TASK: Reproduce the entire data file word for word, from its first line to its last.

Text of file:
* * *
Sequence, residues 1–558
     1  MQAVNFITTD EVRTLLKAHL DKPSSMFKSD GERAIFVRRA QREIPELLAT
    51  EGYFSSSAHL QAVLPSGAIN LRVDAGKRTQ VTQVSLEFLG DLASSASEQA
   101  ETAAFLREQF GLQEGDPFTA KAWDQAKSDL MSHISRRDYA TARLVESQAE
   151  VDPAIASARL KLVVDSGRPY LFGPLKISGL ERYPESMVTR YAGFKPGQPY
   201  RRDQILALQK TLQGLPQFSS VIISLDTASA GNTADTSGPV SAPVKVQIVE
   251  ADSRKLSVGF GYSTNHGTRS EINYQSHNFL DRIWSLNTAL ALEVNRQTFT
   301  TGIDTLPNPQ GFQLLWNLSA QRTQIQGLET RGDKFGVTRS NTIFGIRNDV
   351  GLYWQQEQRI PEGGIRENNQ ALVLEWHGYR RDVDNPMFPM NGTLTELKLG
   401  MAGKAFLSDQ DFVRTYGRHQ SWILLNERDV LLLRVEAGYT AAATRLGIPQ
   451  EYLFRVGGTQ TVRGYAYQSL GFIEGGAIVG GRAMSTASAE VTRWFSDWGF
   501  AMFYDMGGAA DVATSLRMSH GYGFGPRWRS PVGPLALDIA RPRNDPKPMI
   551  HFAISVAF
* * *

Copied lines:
Sequence, residues 1–558
     1  MQAVNFITTD EVRTLLKAHL DKPSSMFKSD GERAIFVRRA QREIPELLAT
    51  EGYFSSSAHL QAVLPSGAIN LRVDAGKRTQ VTQVSLEFLG DLASSASEQA
   101  ETAAFLREQF GLQEGDPFTA KAWDQAKSDL MSHISRRDYA TARLVESQAE
   151  VDPAIASARL KLVVDSGRPY LFGPLKISGL ERYPESMVTR YAGFKPGQPY
   201  RRDQILALQK TLQGLPQFSS VIISLDTASA GNTADTSGPV SAPVKVQIVE
   251  ADSRKLSVGF GYSTNHGTRS EINYQSHNFL DRIWSLNTAL ALEVNRQTFT
   301  TGIDTLPNPQ GFQLLWNLSA QRTQIQGLET RGDKFGVTRS NTIFGIRNDV
   351  GLYWQQEQRI PEGGIRENNQ ALVLEWHGYR RDVDNPMFPM NGTLTELKLG
   401  MAGKAFLSDQ DFVRTYGRHQ SWILLNERDV LLLRVEAGYT AAATRLGIPQ
   451  EYLFRVGGTQ TVRGYAYQSL GFIEGGAIVG GRAMSTASAE VTRWFSDWGF
   501  AMFYDMGGAA DVATSLRMSH GYGFGPRWRS PVGPLALDIA RPRNDPKPMI
   551  HFAISVAF